Reporter Pretends To Be 13 Year-Old Girl On PlayStation Home. You Can Bet How This Ends.

Illustration for article titled Reporter Pretends To Be 13 Year-Old Girl On PlayStation Home. You Can Bet How This Ends.

As part of a story on the ways sexual predators from the United States are using technology like online game consoles to "lure" Canadian kids, CBC's Gosia Sawicka decided to do a little first-hand reporting and signed up to Sony's PlayStation Home service. Posing as a 13 year-old girl.

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What she found was as sad as it was predictable.

I can't view the video of the story on CBC, but a Huffington Post report says that Sawicka - using the handle Em_giirl13 (subtle) - was "approached by several individuals" within minutes, who "asked her sexually explicit questions, even after learning she was just 13".

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Note: the image above is not from the CBC story.

She also "received requests for photos, numerous private messages and invitations to voice chat".

While it's safe to assume that most, if not all the examples in this case were just people screwing around, there are two problems here. The first is that targeting young people in online games (it's unfair to single out Home here, since this happens anywhere there are kids and an internet connection) is something sexual predators actually do. Which is why people like Det.-Sgt. Darren Oleksiuk, from the Winnipeg Police Service’s Internet Child Exploitation unit, do what they do.

“They try to be the same age", Oleksiuk says. "They try to be a friend and try to be like the person and that's classic grooming on behalf of the offender."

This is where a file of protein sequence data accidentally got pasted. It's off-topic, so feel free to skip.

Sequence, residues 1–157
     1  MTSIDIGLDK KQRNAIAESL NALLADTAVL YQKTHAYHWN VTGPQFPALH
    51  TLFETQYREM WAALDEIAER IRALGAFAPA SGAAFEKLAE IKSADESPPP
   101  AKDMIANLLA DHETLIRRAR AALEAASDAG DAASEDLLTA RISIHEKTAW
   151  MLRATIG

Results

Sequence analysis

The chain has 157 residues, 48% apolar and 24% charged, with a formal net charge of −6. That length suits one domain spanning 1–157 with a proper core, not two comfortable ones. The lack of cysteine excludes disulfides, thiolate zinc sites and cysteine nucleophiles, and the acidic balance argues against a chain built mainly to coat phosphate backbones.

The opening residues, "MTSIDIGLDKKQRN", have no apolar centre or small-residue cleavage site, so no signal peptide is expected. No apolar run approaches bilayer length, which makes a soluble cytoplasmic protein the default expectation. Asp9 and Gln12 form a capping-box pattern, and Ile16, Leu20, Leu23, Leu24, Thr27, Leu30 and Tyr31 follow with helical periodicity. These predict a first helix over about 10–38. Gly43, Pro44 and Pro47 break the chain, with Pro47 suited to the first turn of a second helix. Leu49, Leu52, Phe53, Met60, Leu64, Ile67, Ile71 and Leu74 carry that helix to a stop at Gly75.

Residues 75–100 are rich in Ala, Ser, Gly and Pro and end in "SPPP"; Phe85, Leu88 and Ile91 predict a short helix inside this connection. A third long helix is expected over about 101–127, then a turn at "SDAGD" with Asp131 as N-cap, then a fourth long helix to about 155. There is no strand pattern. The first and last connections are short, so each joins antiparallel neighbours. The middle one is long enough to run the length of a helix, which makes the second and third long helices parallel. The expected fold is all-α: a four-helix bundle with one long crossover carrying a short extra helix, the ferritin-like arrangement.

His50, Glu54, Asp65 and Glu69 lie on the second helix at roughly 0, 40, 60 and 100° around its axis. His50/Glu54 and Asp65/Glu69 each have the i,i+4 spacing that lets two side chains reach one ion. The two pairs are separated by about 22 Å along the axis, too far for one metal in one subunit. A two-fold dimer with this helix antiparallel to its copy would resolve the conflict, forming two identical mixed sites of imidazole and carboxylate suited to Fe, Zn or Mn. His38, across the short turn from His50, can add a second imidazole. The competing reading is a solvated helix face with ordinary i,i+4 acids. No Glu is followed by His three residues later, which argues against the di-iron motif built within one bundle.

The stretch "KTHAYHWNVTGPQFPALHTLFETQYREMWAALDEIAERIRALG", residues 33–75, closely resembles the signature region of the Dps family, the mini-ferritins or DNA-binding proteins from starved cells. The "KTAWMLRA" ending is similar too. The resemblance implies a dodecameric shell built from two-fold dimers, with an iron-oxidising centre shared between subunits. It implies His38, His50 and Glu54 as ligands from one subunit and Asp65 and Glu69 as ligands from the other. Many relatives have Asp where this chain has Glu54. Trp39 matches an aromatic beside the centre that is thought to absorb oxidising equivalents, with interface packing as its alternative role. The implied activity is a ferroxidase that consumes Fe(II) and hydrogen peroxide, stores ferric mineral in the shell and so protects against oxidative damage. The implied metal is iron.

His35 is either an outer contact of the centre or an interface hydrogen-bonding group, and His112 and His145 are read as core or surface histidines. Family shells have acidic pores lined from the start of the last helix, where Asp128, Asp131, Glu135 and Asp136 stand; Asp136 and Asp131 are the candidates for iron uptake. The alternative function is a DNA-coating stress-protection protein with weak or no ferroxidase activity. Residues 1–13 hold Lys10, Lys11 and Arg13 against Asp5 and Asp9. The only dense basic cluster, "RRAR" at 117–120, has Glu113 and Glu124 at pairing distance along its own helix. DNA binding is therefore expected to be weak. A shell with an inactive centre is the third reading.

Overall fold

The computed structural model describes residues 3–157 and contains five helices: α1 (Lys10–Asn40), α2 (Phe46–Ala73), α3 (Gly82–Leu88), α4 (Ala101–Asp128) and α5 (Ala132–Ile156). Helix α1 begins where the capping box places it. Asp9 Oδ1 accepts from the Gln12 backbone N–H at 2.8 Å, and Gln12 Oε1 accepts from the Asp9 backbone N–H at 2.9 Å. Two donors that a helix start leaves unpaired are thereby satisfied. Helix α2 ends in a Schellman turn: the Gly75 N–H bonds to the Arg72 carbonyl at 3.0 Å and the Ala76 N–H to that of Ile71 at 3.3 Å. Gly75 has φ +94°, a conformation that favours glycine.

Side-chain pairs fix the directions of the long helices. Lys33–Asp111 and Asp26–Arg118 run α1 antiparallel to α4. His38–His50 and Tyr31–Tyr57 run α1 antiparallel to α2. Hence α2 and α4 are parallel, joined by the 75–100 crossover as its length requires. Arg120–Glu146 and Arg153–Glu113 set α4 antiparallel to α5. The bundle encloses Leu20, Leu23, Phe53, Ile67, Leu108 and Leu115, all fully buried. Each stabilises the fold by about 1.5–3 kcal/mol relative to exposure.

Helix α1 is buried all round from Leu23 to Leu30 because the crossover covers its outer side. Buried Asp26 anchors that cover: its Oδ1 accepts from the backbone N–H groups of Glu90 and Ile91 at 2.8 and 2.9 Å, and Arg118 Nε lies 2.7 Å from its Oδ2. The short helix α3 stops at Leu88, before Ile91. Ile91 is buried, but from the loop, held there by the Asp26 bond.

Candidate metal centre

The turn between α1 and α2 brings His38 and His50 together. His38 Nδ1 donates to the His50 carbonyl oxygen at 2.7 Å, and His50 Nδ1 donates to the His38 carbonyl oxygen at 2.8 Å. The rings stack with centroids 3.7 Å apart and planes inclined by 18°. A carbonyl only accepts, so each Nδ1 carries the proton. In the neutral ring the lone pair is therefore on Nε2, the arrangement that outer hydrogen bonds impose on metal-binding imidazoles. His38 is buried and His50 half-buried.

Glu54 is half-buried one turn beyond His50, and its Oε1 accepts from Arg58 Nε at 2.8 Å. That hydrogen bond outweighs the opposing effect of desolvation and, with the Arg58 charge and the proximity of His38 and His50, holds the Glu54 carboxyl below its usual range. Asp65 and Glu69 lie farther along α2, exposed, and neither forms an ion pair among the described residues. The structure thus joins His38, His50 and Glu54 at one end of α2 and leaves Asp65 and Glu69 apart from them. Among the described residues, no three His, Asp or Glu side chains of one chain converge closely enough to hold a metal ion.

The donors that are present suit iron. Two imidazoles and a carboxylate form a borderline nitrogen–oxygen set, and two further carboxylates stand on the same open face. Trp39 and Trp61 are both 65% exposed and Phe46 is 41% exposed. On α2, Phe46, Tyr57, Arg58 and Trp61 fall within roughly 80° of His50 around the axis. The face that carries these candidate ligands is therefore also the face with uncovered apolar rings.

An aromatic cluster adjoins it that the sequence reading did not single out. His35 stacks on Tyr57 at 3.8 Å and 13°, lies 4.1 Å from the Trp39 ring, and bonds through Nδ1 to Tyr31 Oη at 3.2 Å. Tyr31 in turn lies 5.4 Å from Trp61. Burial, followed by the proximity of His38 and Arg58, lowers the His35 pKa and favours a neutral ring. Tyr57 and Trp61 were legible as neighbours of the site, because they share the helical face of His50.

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The second is that, because of this, even if you're just screwing around (what's wrong with you?), you can end up in deep trouble if you're caught.

Video game chat monitoring urged to prevent child luring [CBC]

U.S. Predators Use Video Games To Lure Canadian Kids [Huffington Post]

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DISCUSSION

ilovehercules
iLoveHercules

Sex offenders also exist in Canada. It is likely Canadian sex predators lure kids too. That Huffington Post article screams of sensationalism. When Sawicka went online nothing illegal was found. Some thirteen year old kids are being asked some sexual questions, why does that matter? Sex should be an open topic. That article also describes people that want game companies to regulate online services for improved child safety. I feel like this is from people who don't understand that games are also for adults now. It goes on to suggest government regulation of online gaming. The article also says that 5,500 New York State sex offenders have been banned from online games. Did they actually lure kids with an online game account or are they being banned simply because online games are an easy place to repeat past crimes? Are we going to ban them from the internet and parks too? All of this is overblown.